Obit: Glass, Elmer (1877 - 1905)
Contact: Pat Phillips
----Source: Republican and Press, March 16, 1905, page 1, Neillsville, WI
Death of Elmer Glass
Elmer Glass died at the home of his mother, Mrs. C. E. Glass, Sunday forenoon, March 12, 1905, of consumption. His health had not been good for about two years, though he did not give up work entirely till last December. Elmer was born in Neillsville, Nov. 14, 1877, and has lived here all his life except two years, when he worked in Grand Rapids, Wis., and later during his service in the army. In 1896 he became a member of Co. A and from the first took an active interest in military matters.
In the spring of 1898, at the breaking out of the Spanish-American War he was mustered into the service of the United States with the other members of the company and served through the war. During the war he was promoted to corporal and was entrusted by Capt. Hommel with many important duties, which he performed faithfully and well. After the war he again reenlisted in Co. A as a private and has been a member almost constantly since. Jan. 5, 1901, he was made corporal and June 11, 1904, was promoted to sergeant. His enthusiasm for the company and interest in it never waned. While his strength held out he was an ambitious worker, helpful in the home and faithful in all his duties. About a year ago he became a member of the Presbyterian church where for years he had been a regular attendant. He was superintendent of the Sunday school and took an active part in all the church work and in the Christian Endeavor society. In the family, in the church and among his friends and comrades he will be sadly missed.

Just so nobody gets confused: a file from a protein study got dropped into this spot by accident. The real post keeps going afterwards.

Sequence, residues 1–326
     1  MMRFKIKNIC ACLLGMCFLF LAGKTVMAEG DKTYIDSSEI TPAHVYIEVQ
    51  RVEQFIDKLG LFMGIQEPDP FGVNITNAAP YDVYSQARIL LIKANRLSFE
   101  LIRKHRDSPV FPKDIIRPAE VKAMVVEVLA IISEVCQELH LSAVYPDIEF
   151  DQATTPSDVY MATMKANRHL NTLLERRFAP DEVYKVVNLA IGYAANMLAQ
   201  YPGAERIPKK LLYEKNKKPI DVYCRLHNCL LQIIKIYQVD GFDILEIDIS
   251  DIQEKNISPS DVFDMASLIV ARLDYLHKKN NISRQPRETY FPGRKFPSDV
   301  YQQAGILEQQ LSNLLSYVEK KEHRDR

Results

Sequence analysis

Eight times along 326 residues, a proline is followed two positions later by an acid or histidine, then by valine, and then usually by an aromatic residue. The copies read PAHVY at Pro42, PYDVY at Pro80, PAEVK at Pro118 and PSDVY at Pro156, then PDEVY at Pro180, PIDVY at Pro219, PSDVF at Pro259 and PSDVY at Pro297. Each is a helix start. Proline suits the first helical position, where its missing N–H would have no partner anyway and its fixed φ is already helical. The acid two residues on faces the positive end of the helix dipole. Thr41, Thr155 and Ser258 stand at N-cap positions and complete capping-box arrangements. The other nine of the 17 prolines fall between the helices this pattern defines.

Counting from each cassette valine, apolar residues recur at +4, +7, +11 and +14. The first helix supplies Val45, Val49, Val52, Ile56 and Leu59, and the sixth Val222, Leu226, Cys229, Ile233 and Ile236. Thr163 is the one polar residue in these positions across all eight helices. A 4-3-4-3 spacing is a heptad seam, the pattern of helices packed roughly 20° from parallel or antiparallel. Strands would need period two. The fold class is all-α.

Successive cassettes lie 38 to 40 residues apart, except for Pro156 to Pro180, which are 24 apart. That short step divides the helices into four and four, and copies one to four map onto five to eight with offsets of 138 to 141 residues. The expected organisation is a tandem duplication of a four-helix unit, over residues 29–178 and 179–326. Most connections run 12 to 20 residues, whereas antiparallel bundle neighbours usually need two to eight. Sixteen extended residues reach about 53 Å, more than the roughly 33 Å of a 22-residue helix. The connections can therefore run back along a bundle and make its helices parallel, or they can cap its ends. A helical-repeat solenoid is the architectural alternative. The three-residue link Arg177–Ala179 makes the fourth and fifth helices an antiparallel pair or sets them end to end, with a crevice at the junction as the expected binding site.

The funeral was held at the Armory Tuesday afternoon, Rev. T. C. Hill officiating. The funeral was under the auspices of Co. A, which attended in a body, the local G. A. R. and W. R. C. posts were also in attendance, the Neillsville Fire Company of which deceased was a member, and a large number of his fellow workers from the furniture factory. The large gathering of friends to do him final honors and the mass of beautiful flowers testified of the community's respect for the dead and its sympathy for the bereaved mother, brothers and sisters.
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